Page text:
Freddie Mac rebounds with $2.92b net income in Q1

Freddie Mac reported net income of $2.92 billion for the first quarter, an increase of $5.84 billion from a net loss of $2.92 billion in the fourth quarter and up $715 million from $2.21 billion in the first quarter of 2017.

Comprehensive income for the quarter was $2.15 billion, increasing from the $3.31 billion loss in the fourth quarter but declining from the $2.23 billion in the year-ago period.

Freddie Mac said its first-quarter net income and comprehensive income both increased from the fourth quarter primarily driven by the write-down of its net deferred tax asset in the fourth quarter. First-quarter results also reflected a $0.4 billion benefit from the reduced corporate tax rate at the beginning of the quarter.

Freddie Mac provided approximately $80 billion in liquidity to the market in the three months ended March 31. This amount funded more than 282,000 single-family homes, approximately 124,000 of which were refinance loans, and approximately 152,000 multifamily rental units.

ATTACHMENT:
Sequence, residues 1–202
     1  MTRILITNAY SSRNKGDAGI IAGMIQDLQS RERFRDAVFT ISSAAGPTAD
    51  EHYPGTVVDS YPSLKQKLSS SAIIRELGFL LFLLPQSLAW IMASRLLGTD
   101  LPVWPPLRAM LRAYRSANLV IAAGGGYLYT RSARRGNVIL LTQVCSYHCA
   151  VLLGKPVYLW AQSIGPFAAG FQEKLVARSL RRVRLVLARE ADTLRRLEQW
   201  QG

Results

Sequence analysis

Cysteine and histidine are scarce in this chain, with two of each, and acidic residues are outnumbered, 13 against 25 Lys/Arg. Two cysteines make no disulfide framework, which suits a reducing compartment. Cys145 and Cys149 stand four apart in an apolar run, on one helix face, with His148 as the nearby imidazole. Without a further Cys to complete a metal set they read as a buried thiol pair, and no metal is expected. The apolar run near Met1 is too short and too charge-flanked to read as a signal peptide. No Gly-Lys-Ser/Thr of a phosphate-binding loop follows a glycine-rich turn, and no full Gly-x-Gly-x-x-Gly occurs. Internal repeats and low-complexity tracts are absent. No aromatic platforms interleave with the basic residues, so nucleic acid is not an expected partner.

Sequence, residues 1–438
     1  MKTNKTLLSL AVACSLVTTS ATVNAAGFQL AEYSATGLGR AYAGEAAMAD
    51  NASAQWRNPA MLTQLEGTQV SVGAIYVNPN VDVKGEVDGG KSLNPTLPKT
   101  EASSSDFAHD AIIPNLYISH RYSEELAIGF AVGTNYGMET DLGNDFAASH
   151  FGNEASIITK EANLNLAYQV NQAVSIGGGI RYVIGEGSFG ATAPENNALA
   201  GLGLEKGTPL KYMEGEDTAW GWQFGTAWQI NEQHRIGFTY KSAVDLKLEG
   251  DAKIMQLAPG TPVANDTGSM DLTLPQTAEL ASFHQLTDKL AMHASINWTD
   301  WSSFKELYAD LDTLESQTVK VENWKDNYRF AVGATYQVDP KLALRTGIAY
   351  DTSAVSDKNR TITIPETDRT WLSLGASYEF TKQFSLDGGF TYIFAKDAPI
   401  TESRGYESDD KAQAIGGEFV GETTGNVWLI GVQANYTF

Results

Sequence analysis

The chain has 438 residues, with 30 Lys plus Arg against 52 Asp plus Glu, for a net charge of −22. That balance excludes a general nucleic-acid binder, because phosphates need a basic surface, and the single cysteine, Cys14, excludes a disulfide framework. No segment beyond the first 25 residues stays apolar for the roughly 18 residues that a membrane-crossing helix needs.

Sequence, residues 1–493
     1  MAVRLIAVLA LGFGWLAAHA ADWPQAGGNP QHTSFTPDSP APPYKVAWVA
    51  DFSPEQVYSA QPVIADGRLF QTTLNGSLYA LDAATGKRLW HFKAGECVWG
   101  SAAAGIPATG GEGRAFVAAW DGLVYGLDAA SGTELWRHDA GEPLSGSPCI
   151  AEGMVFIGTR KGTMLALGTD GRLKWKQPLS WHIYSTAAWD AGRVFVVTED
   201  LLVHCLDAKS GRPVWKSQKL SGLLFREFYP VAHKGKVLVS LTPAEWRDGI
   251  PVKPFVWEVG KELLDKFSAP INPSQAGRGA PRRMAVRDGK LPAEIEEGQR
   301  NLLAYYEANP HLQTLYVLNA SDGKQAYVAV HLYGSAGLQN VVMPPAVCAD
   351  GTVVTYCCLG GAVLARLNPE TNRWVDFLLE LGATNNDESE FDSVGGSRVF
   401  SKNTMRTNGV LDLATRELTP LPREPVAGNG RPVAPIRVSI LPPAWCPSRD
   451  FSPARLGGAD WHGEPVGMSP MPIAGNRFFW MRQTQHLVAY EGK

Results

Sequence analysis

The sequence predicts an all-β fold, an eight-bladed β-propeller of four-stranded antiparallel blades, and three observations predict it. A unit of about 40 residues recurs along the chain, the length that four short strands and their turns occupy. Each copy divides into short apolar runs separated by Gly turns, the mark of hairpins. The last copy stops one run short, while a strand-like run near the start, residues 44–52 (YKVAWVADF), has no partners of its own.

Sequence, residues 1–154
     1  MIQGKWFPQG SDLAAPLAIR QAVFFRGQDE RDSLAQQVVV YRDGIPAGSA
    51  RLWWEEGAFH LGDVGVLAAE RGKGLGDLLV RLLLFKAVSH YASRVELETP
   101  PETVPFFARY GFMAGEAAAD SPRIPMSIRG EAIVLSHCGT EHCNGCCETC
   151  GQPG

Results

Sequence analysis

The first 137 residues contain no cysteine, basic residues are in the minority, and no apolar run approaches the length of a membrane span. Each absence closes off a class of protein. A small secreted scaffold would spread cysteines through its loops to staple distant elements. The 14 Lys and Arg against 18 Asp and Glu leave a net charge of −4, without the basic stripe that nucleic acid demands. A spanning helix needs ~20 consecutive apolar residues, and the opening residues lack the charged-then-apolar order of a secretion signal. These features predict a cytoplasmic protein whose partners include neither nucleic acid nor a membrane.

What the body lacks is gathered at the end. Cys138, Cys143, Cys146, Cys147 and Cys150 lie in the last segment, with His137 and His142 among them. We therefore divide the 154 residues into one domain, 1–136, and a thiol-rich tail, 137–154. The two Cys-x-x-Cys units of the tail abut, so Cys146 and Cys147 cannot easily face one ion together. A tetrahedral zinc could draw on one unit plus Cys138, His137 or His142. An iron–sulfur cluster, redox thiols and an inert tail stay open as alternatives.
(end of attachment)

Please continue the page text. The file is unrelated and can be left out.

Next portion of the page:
The company will not be required to make a dividend payment to the Treasury as it rebuilds its allowed $3 billion capital buffer. Under its purchase agreement with the Treasury, Freddie Mac has $140.2 billion in available funding. The amount was reduced following the funding of the draw request related to Freddie Mac’s $312 million negative net worth at Dec. 31.

“Freddie Mac delivered $2.2 billion of comprehensive income this quarter, despite a major change in interest rates,” CEO Donald Layton said. “In a period with no significant items and little impact from legacy asset dispositions, this demonstrated the increased stability of our earnings. We also continued our impressive record of innovation through a steady stream of real improvements by all three business lines. In short, our results this quarter provide a particularly clear view of our earnings capacity and the progress we’ve made in fulfilling our mission by creating a better housing finance system for lenders, investors, families, and taxpayers.”

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